I was under the impression that the NBA’s annual draft lottery was to air at 4:30 p.m. PST. I sat down on the couch, opened up Twitter dot com, and expected something interesting to happen.

And, sure enough, I was wrong.

It turns out that ESPN decided to pack roughly 60 seconds of actual content into sixty minutes of programming. There were some extremely awkward interviews, some Jay Bilas Big Board stuff where he ruined his new slacks thinking about who had the longest wingspan, and a lot of speculation as to which players fit with which team (seems a little pointless given the whole point of the lottery is that the draft order had not yet been decided).

But I watched anyway, because what else am I gonna do? Read a book? Go outside? Don’t make me laugh.

Then everyone talked about how great it would be if the Knicks got the first pick (it wouldn’t; they would definitely fuck it up) and mostly just did their best to ignore all the small market teams, like they do for the rest of the year. Consistency, at the very least.

At long last, after most of the hour had been sold to the highest bidder, the ping pong balls became subject to the powers of centripetal force, and the fate of the NBA’s next generation was thus decided.

Here’s where each team was slated to pick prior to the lottery:

  1. Denver Nuggets (46-36)
  2. LA Clippers (42-40)
  3. LA Clippers via Detroit Pistons (39-43)
  4. Charlotte Hornets (36-46)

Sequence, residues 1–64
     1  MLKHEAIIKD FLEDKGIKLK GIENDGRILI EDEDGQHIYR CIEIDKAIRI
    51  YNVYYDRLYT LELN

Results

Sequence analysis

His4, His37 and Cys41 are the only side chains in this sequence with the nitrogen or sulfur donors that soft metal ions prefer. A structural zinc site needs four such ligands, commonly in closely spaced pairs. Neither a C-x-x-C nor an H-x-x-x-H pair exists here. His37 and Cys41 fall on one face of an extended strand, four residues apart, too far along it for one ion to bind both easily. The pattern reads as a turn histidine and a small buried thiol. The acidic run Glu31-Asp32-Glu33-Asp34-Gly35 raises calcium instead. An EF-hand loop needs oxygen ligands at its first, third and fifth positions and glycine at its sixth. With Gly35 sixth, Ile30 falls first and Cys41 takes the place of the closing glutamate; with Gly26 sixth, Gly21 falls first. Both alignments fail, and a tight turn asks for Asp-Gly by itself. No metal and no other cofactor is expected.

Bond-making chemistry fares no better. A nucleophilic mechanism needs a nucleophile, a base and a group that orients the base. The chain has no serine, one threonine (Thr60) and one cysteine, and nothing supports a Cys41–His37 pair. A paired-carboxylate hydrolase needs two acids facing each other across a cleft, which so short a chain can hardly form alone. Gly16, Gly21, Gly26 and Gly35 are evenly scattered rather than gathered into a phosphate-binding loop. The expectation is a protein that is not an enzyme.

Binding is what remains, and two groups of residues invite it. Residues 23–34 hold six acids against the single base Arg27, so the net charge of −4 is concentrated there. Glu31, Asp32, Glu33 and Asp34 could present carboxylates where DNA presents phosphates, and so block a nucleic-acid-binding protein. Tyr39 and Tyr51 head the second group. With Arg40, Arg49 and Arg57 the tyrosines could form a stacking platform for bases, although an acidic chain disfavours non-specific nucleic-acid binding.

5. Philadelphia 76ers/Boston Celtics via LA Lakers (35-47)
  6. New York Knicks (29-53)
  7. Cleveland Cavaliers via Brooklyn Nets (35-47)
  8. Sacramento Kings (27-55)
  9. Chicago Bulls (27-55)
  10. Orlando Magic (25-57)
  11. Atlanta Hawks (24-58)
  12. Dallas Mavericks (24-58)
  13. Memphis Grizzlies (22-60)
  14. Phoenix Suns (21-61)

And here’s the way the ping pong balls fell:

  1. Denver Nuggets
  2. LA Clippers
  3. LA Clippers
  4. Charlotte Hornets
  5. Philadelphia 76ers
  6. New York Knicks
  7. Cleveland Cavaliers
  8. Chicago Bulls
  9. Orlando Magic
  10. Dallas Mavericks
  11. Memphis Grizzlies
  12. Atlanta Hawks
  13. Sacramento Kings
  14. Phoenix Suns

I, for one, was very pleased. That’s because I’m a fan of the Sacramento Kings. Nothing good has happened to us in, well, ever. The Kings haven’t had the first pick in the draft since 1989, when they were granted the dubious privilege of drafting “Never Nervous” Pervis Ellison. Since then, they’ve been ritually fucked by the ping pong balls (usually that only happens at the Red Light District in Amsterdam), the team almost moved multiple times from 2007 to 2013, and of course there was the 2002 Western Conference Finals against the Lakers (that’s an article for another time).

Given their misfortune over the years, the Kings should have the first pick. And probably several first picks. But this is nice. The way I’m going to look at it is the Kings will have the first pick of whoever the Suns don’t take.

All signs point to the Suns taking DeAndre Ayton, Arizona’s freshman big man. That would leave Slovenian phenom Luka Dončić for the Kings, and for the love of all that is holy, that better be the guy they take. There’s a chance the first two picks could be flip-flopped, and the main reason for that is Phoenix hired Igor Kokoškov as head coach, who coached the Donc man on the Slovenian national team this past summer.

This could obviously look really dumb in a few years, but it doesn’t seem like you could go wrong with either guy. Ayton is an NBA-ready big man and the Donc man has rare skill for a wing player.

Those two appear to be the cream of the crop, and then you have some really good prospects trailing them in the top 10 like Marvin Bagley, Jaren Jackson, Michael Porter, Mo Bamba, Trae Young, Collin Sexton, and Mikal Bridges. By all accounts, it’s a pretty deep draft.

So was the hour of pageantry and tomfoolery from ESPN all worth it? Maybe. In the end I got what I wanted, and that’s really all that matters.

Well, to be fair, what really matters is the actual draft. See ya in June.